Ammar Kalia, writing for The Guardian:
In the middle of a cavernous factory floor in Pudsey, Leeds, sits a gleaming steel cylinder. One day, its maker believes, most of us will end up in something similar.
The machine is a Resomator – a pressurised canister in which corpses are submerged in a mixture of 150C water and potassium hydroxide solution for three to four hours until the flesh is dissolved, leaving behind only soft, greyish bones. After drying in an adjacent oven, these are ground down into paper-white powder, while the fluid is sent to a water treatment plant for disposal. The entire process is operated by a touchscreen and a single “start” button, away from the view of mourners. Ashes to ashes no more.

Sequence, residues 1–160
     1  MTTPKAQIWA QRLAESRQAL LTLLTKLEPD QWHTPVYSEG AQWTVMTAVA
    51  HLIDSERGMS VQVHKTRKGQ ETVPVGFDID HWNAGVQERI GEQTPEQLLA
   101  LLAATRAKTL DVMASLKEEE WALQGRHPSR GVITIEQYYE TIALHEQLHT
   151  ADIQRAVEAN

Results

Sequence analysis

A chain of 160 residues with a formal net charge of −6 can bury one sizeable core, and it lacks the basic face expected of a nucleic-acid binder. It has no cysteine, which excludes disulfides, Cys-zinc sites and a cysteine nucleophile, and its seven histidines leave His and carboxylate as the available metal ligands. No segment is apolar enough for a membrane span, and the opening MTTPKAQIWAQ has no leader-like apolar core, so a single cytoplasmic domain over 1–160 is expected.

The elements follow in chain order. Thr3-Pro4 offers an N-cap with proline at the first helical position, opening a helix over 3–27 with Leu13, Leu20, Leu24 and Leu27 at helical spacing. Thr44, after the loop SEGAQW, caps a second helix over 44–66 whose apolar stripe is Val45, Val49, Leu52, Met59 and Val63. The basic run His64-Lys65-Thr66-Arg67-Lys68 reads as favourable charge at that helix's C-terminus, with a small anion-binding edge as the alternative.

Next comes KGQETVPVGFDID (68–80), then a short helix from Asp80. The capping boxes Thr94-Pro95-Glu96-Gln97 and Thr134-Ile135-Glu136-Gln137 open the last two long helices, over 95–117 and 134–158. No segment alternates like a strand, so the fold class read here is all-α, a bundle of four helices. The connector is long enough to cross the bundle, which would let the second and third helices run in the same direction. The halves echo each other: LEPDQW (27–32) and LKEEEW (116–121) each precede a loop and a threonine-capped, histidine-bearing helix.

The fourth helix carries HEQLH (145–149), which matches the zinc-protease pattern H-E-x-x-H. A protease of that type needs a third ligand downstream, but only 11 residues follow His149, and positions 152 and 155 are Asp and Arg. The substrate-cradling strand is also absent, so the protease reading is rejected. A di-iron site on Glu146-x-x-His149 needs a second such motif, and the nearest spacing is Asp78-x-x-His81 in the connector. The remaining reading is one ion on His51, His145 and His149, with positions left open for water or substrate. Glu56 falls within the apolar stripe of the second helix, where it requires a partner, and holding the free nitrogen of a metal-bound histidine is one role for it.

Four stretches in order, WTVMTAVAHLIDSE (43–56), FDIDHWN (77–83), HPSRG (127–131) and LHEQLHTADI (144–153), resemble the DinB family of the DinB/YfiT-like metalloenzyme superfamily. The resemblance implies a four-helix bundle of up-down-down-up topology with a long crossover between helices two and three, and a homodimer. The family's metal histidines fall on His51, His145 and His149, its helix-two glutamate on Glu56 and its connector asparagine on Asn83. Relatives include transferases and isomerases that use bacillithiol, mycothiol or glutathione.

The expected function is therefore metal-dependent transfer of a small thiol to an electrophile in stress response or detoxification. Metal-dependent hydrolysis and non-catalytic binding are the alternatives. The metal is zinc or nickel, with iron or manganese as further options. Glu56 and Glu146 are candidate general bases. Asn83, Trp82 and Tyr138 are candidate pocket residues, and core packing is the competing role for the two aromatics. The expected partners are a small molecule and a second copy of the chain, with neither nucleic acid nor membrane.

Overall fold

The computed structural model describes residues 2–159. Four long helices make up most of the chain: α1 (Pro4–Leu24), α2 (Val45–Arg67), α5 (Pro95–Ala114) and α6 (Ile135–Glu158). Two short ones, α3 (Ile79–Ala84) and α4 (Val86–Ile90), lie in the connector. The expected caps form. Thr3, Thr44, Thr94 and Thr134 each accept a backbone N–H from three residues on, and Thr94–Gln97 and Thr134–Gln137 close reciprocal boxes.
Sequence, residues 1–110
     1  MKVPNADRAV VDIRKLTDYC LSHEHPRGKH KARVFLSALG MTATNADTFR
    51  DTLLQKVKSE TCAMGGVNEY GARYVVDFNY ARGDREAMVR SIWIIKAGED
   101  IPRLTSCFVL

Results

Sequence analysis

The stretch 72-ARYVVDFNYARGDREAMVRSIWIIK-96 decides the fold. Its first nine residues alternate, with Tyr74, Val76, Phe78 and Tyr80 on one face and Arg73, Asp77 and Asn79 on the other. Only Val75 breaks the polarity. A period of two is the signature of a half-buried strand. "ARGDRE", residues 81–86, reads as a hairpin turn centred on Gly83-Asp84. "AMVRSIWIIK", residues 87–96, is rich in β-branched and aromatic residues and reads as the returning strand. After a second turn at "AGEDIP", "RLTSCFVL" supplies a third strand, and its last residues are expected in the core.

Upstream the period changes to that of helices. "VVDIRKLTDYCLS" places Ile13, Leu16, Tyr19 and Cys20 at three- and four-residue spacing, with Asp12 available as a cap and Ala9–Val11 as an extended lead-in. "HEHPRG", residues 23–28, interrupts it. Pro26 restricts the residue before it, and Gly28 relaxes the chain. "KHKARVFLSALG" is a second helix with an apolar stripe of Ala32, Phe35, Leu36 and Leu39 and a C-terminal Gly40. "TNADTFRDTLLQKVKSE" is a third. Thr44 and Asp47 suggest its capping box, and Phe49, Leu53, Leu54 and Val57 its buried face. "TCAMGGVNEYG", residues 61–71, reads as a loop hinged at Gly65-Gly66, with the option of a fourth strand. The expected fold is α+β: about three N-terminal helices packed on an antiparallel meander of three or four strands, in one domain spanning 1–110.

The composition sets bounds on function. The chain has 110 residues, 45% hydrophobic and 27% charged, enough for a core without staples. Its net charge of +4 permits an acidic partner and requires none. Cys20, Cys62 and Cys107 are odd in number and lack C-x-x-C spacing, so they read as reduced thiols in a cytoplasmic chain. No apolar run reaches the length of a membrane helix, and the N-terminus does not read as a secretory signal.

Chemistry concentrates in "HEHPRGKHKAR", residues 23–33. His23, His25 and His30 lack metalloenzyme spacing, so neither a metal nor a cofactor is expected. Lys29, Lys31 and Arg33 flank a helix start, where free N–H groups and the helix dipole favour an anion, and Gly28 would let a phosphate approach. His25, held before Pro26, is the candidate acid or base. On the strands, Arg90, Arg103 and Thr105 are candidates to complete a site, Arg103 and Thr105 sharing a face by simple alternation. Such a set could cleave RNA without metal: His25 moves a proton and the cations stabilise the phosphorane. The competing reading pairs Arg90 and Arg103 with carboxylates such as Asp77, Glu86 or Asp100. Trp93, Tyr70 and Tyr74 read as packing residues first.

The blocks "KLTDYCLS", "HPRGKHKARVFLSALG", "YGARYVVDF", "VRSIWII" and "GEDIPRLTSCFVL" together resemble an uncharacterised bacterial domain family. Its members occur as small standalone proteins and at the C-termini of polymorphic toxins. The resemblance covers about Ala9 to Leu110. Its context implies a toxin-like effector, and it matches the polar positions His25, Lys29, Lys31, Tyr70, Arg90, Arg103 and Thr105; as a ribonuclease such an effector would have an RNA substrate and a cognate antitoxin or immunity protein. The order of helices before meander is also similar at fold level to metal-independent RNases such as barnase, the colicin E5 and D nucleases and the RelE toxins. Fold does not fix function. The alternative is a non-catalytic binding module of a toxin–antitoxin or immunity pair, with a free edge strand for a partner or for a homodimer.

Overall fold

This was the first time I’ve heard of alkaline hydrolysis (also known as “resomation”) before. After reading this absolutely fascinating piece, I started thinking about what I want my survivors do with my corpse after I die. Going into the Resomator seems like such a great option, especially for the environment. If you’ve considered cremation or burial before, give this article a thorough read—you might just change your mind afterward.